I now have word from a reliable source—thank you former KVOA TV weatherman, Jimmy Stewart—that thunderstorms in southern Arizona often blow up from Baja California, traveling in a peculiarly circular fashion, which ends up causing them to blow in from the SOUTHEAST!!!  Please note:  When it comes to science and pronunciation, it’s possible for LIBERAL ARTS MAJORS to be RIGHT!!

Sorry about going off on that weather-related tangent.  Now where was I?  Oh, right.  I was getting ready to talk about the weather on Tuesday.

We headed to the airport early that afternoon.  Unable to get a later checkout from the hotel, we arrived at the airport a good three hours early, and having our TSA Pre-chek on our boarding passes made getting through security a breeze.  We found our gate, located chairs, and settled in to wait.  Well, not exactly “settle in.”  I was missing 8,000 steps for that day, so I left Bill in charge of the luggage and set about walking, forging a trail through the teeming passengers milling around on Nashville Airport’s three concourses.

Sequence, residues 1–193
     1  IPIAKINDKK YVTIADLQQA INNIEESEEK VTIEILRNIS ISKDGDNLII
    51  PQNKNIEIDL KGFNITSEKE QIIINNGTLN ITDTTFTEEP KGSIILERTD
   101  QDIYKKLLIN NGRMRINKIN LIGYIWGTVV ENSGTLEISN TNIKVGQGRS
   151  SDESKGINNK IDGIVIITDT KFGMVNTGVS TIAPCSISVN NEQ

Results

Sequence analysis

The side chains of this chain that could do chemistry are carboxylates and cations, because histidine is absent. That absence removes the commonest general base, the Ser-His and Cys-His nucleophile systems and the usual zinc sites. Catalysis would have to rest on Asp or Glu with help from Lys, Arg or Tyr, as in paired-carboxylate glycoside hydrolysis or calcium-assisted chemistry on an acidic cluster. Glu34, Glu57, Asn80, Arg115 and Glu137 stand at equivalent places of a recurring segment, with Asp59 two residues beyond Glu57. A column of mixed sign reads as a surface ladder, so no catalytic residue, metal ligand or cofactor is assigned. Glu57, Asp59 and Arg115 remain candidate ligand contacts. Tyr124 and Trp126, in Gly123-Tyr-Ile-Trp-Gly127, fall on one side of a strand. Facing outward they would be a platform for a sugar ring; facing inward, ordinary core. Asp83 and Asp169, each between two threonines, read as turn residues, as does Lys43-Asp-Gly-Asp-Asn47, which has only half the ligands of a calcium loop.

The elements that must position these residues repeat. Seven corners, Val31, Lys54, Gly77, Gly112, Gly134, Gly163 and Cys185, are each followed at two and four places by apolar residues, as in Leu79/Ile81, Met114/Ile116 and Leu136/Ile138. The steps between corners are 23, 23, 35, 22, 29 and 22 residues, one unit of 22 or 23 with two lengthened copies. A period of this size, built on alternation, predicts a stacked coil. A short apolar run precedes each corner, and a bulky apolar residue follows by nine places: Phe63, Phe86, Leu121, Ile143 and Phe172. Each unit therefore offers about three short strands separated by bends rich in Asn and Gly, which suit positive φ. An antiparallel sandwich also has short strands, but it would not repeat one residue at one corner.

I was making good progress toward getting my “ten,” when Bill sent me a text: ” Did you hear the announcement about Gate B 8″—which just happened to be our gate.  No, I had not.  “Party,” Bill’s next text said.  “Cake and applause.”  Free cake in an airport?  Are you kidding?  Worrying about missing same, I made tracks straight back to the gate to learn the details.

It turned out that our pilot, a guy named Captain Jim Freeman, was retiring after 32 years of piloting planes for Alaska Airlines.  And our trip, Flight 735 from Nashville to Seattle on April 26, was scheduled to be his last flight prior to retirement.  “He’s tall and wears a beard,” the gate agent said, speaking over the PA system.  “When I spot him, I’ll let you know.  Please give him a round of applause when he comes down the concourse.  Then, as you board the plane, there’ll be cake for everyone.”

Since I was the only passenger from our flight out walking up and down the concourses, I figured I was uniquely qualified to spot him first.  I did so just as Captain Freeman and his co-pilot came through security.  I discounted him at first because a: he was wearing a mustache rather than a beard; and b: he wasn’t all that tall.  He maybe looked tall to that vertically-challenged gate agent, but he certainly wasn’t taller than I am.